Authors are responsible for ensuring that their works are original and that any content that is not wholly their own is fully acknowledged. The journal will use plag software to check manuscripts for plagiarism (i.e., replicating any content without acknowledgment and permission) and considers the authors' inclusion of plagiarised content to be misconduct.
Any plagiarism changes brought to the board's attention, as well as instances that arise during the peer review process, will be thoroughly investigated. When such behavior is confirmed beyond a reasonable doubt, it is unacceptable and will be appropriately exposed. Self-plagiarism will be taken seriously as well. The authors or corresponding author will be required to sign an undertaking stating that the work has not been submitted elsewhere for publication, that the claimed new results are the author's own findings, and that all material taken from the existing literature has been properly acknowledged and referenced upon receipt of the manuscript.
If plagiarism, duplication, or re-publication of previously published work in any language is discovered after the manuscript has been accepted or after publication, the case is referred to the NJREL editorial board, which conducts a comprehensive inspection while giving the concerned authors adequate opportunity to respond. The published article may be withdrawn if the author agreement is violated or if the researcher commits grave and unethical wrongdoing in relation to publishing the study.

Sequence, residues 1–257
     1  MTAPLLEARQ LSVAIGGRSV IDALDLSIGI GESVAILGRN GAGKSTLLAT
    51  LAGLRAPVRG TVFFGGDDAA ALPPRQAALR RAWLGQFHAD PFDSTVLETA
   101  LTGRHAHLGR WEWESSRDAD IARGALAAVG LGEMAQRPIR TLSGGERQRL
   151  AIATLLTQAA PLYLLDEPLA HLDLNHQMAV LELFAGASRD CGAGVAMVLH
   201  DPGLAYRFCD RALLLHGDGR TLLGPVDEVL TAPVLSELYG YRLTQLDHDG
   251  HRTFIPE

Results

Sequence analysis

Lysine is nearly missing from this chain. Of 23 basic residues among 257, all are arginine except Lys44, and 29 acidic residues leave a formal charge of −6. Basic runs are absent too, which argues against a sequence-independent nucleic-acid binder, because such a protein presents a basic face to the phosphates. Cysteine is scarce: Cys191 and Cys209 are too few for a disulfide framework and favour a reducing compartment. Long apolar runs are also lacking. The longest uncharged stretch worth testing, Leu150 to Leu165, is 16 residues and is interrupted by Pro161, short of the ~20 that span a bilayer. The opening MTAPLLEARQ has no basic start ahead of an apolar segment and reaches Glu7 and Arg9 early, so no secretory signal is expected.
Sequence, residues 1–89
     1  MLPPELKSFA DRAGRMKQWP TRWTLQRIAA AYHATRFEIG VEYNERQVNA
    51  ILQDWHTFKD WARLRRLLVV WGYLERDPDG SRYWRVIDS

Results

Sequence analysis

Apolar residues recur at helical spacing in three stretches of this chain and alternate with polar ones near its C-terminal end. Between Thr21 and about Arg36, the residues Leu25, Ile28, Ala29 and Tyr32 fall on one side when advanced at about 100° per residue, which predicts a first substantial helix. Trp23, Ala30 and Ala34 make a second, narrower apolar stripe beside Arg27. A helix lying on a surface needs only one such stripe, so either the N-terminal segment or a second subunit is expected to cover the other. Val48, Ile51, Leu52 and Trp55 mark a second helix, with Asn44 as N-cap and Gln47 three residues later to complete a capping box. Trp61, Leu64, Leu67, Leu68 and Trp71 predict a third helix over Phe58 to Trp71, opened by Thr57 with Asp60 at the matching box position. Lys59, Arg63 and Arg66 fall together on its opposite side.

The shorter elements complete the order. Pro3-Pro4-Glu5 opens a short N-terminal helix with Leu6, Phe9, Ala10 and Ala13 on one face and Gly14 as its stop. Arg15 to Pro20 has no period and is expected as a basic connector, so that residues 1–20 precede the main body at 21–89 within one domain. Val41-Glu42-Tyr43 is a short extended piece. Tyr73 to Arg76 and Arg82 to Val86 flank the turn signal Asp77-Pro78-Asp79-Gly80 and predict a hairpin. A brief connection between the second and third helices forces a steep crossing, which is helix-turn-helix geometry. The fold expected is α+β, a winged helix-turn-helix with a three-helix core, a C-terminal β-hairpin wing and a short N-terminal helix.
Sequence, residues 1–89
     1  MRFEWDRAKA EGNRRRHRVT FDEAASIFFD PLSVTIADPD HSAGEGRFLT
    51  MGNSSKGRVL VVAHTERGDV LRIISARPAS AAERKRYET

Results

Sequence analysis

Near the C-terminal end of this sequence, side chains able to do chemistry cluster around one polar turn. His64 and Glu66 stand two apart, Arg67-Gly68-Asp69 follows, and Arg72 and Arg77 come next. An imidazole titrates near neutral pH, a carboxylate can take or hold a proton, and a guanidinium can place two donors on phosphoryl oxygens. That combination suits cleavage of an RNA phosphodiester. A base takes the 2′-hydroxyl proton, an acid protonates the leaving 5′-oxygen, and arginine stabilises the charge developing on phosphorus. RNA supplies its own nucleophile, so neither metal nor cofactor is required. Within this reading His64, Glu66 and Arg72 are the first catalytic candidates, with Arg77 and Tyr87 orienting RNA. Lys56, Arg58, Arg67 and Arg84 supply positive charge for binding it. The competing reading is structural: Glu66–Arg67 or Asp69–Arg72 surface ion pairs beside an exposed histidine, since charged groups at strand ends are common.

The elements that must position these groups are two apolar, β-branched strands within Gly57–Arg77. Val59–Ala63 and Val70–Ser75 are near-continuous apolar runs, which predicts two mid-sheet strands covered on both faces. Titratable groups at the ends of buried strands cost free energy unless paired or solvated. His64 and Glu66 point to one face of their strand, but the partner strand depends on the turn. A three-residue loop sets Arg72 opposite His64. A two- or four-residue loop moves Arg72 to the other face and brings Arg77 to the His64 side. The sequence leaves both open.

Only manuscripts with less than 10% plagiarised content will be accepted.
The initial plagiarism check on the work will be free from our end, but if we request a revision for plagiarised text, only the second plagiarism check will be free. If it occurs more than twice, it will be charged INR 500 per time.
List of various possibilities concerning Plagiarism:
Copying of another’s work and submitting it as one’s own.
Copying of significant portions of the text from a single source.
Mixing copied material from multiple sources is termed patchwork copying which could range from 1-2 paragraphs to major portions consisting of various paragraphs.
Changing “keywords” and “phrases” but the essential content of the source remains the same.
Rephrasing the original wording of the text and submitting it as one’s own.
Combining slightly rephrased material from multiple sources and presenting what has been published already as original work.
The cited portions are not clearly identified, though they are cited.
Use of copied parts of the text without citation
Guidelines to Authors for maintaining ethics in their work and avoiding Plagiarism:
A writer should always acknowledge the contributions of others to his/her work.
While paraphrasing or summarizing, one must always identify the source of information.
When paraphrasing and/or summarizing others’ work one must ensure that he is reproducing the exact meaning of the other author’s ideas or facts by using his own words and sentence structure.